By Angela Bates a recent ASU Nutrition Student
Pork is the most consumed meat in the world. According to the Food and Agriculture Organization of the United States, over 36 percent of the world’s meat intake is from pork, while poultry accounts for 35 percent and beef 22 percent. As such an important source of protein for many cultures, pork has had quite the history.
Fossil evidence suggests wild boars have roamed the earth for at about 40 million years. According to the National Pork Board, the Chinese had domesticated pigs by the year 4900 B.C., possibly even earlier, and Europe domesticated by around 1500 B.C. The Romans made big improvements to pig breeding and developed two types of pigs, one for lard and one for meat. There are even ancient Greek baby rattles made in the form of a pig. Pigs became symbols for cultures and “pork” came into the English language during the Norman Conquest of England.
Before 1000 B.C., Jewish religious law banned pork. The belief was that pigs were unclean because they ate waste and possibility of contracting trichinosis, a now rare (about 15 cases per year in the US according to the CDC) infection caused by undercooked or contaminated meat. It is possible that the nomadic cultures seen in those days had trouble keeping pigs, as they required far more water and special food than cattle, camels, or sheep, which could easily move from place to place. The Christian religion also banned the consumption of pork, but the restrictions were dropped by about 50 A.D..
Trade routes throughout Europe and Asia are known for spice trading, but Spanish and Italian salted pork and cured sausages and French pork pâtés were traded across countries and continents. In fact, Marco Polo supposedly spoke of the pork consumption in China in the late 1200s when he returned to Italy and you may see some pork dishes with his name on them in Asian restaurants. Christopher Columbus’ famous 1493 voyage to Cuba included eight pigs, as Queen Isabella insisted he takes them. They were hearty animals who could survive such a treacherous trip, and they did. By the late 1500s, Europeans had begun breeding specific breeds of pigs for different needs, all dark-colored.
The true “father of the American pork industry,” according to history, was Hernando de Soto. He brought a ship with 13 pigs on board to Tampa Bay, Florida in 1593, which had an enormous impact. De Soto died three years after arriving with his pigs, but in that time alone, they had multiplied to an estimated 700 pigs. Some sources say that Native American was so fond of pork, there were attacks to try to get more pigs for their tribes, so some pigs were given to the Native Americans to keep the peace between the cultures. Hernando Cortez brought hogs to New Mexico in 1600 and in 1607, Sir Walter Raleigh brought pigs to the Jamestown colony of Virginia.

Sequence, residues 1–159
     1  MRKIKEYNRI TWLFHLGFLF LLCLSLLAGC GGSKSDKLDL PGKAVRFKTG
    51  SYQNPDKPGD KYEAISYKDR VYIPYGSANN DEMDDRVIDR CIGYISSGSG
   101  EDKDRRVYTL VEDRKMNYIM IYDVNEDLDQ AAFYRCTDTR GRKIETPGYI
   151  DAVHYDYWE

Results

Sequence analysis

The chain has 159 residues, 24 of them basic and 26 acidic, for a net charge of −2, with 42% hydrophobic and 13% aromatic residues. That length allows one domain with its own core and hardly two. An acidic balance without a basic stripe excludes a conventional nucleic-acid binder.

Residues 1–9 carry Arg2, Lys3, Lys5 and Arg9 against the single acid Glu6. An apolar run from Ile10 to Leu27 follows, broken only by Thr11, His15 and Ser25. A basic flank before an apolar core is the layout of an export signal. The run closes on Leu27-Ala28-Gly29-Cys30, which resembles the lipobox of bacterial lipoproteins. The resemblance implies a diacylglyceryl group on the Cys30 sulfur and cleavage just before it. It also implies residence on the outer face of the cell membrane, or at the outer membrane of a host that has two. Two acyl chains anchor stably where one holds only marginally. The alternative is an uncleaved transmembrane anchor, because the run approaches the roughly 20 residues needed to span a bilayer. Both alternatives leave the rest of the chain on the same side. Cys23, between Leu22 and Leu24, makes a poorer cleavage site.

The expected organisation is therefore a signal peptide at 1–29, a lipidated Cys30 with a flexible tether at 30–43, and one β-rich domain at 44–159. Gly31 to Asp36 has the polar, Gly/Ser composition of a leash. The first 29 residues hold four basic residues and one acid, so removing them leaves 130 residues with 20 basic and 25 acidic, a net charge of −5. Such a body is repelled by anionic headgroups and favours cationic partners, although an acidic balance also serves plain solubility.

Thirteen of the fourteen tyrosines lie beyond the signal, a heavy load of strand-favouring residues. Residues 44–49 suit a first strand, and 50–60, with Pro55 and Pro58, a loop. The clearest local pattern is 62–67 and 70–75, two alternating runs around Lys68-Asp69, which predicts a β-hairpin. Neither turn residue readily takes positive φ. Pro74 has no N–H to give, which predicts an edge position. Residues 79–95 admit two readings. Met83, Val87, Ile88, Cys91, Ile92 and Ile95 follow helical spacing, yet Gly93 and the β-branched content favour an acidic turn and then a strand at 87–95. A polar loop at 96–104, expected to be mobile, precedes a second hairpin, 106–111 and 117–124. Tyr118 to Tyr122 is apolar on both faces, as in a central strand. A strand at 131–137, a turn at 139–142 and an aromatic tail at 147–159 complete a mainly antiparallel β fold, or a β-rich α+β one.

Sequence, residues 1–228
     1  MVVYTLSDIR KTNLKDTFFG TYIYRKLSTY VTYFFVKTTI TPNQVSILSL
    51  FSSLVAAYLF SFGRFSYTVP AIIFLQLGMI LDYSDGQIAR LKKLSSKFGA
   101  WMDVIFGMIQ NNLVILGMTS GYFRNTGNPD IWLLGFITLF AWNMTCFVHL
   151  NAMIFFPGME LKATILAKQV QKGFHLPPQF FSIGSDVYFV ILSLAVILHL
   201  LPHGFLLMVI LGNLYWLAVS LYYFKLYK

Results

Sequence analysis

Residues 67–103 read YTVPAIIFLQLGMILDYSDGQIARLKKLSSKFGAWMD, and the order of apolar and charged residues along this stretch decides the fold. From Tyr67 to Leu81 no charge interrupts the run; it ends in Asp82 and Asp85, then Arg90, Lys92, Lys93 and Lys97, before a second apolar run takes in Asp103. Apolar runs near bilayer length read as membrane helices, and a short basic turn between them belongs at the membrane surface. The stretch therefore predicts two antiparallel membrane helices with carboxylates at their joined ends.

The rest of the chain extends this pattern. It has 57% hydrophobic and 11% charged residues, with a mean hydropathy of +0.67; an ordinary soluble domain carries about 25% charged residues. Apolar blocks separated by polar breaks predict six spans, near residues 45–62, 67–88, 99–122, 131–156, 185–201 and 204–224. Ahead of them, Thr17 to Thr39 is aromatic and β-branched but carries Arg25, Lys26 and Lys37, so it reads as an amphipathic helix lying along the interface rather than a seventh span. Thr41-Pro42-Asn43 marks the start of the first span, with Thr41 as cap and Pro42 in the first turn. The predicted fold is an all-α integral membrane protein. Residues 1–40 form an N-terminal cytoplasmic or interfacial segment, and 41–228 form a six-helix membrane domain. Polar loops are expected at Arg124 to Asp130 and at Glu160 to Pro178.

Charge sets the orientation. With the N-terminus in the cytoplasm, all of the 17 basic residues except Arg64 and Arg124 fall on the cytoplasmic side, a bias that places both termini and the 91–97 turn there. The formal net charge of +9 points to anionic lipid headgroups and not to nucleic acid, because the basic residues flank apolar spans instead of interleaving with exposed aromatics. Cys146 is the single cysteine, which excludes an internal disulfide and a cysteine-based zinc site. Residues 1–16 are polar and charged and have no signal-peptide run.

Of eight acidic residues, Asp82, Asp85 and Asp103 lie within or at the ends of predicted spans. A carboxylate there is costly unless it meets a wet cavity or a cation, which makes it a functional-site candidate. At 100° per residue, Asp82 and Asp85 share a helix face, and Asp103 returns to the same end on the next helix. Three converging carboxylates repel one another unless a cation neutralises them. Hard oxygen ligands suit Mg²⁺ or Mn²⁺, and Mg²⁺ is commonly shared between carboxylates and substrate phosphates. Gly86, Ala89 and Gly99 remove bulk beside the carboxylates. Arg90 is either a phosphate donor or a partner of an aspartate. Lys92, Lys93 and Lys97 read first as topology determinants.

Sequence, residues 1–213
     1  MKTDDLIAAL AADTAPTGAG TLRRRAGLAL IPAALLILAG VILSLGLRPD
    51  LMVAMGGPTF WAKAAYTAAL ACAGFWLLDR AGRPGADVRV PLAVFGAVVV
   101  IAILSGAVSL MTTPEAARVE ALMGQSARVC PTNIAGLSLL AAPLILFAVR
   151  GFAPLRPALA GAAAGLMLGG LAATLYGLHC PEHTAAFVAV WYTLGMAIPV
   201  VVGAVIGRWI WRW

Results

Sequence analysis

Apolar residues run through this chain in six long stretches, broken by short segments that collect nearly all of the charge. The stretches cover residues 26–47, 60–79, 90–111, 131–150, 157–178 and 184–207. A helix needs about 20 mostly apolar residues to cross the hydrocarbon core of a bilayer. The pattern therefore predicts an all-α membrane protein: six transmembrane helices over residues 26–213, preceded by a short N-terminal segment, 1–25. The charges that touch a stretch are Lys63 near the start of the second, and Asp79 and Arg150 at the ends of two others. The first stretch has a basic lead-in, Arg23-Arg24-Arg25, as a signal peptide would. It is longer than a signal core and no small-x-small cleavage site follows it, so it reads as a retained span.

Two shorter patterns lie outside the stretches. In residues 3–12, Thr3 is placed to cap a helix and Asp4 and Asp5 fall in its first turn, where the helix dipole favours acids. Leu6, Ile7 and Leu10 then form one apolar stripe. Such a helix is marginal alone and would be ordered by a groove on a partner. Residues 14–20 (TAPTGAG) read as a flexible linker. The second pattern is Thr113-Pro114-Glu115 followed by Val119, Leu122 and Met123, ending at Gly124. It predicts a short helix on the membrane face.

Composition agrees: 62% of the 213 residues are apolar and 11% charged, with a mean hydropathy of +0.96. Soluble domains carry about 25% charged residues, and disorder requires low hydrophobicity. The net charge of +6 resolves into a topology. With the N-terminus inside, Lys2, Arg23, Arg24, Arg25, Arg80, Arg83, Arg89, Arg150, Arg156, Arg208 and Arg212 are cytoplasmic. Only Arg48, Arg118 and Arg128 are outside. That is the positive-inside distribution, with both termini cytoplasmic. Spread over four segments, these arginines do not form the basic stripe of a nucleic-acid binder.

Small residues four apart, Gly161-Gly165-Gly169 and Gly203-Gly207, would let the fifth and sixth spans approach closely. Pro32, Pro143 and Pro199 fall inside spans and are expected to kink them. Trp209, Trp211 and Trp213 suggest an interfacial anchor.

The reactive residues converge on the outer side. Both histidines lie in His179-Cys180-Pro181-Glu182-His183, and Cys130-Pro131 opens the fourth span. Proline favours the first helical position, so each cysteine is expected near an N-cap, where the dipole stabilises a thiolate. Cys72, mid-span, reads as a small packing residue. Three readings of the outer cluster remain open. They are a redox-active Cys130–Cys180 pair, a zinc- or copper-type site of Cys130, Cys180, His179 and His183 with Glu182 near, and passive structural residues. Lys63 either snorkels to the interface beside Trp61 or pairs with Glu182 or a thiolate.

During the 1600s, most farmers with pigs owned four to five, which was enough for a family to eat from and to make barreled pork to sell. Barreled pork was hog meat in a salt brine that was stored in wooden barrels. Pork season became an autumn tradition due to the practice of finishing pigs with Native American corn. Wall Street was named after a wall that had to be erected to keep feral pigs out of crops on Manhattan Island. It began as a normal picket fence, but the Dutch built it up to a 12-foot-tall fortress to keep the hogs out.
As the conquest of the western United States began after the revolutionary war, the pioneers took pigs to settle with and for food along the trail. As pig expansion and colonization continued, Americans needed more streamlined pork processing. Cincinnati was the place where pigs were first commercially harvested. Throughout the 1800s, Cincinnati processed more pork than any other place in the United States, earning it the name “Porkopolis.” By the 1840s, about 250,000 pigs were processed every year!
The issue that came with processing so many pigs was getting them to the market and transporting the processed fresh meats. Estimates state that between 40,000 and 70,000 pigs were herded from Ohio to eastern meat markets per year with a total distance of up to 700 miles. Refrigeration, as we know it today, was not developed until the early 1920s, but in 1899, shortly following the Civil War, the Swift Refrigerator Line of railroad cars were introduced. This revolutionized the transport of live pigs and processed products and encouraged the development of a more robust railroad system in American cities. Since most corn was grown in the northern Midwest—the Corn Belt, that’s where hog processing happened—the Hog Belt. Iowa is still the top producer of pork today, selling over twice the amount of the next state, but Arizona has a fantastic pork market as well. With one commercial pork producer up north and a handful of local pork farmers.
Throughout the 1920s to 1940s, the United States became the world’s number one pork producer. When European ally forces were dying of starvation during World War II, the U.S. shipped out over one billion pounds of pork to them, most of which was canned pork, such as Spam During the 1980s and 1990s, disease control, better breeding, increased feed efficiency, and more advancements helped drastically increase pork production. These advancements, along with more efficient and cost-effective transportation and storage, allowed for states not in the Midwest to start producing pork on a large scale. Today, the United States is the largest pork-producing country and we export 26 percent of our pork and pork products to over 100 different countries.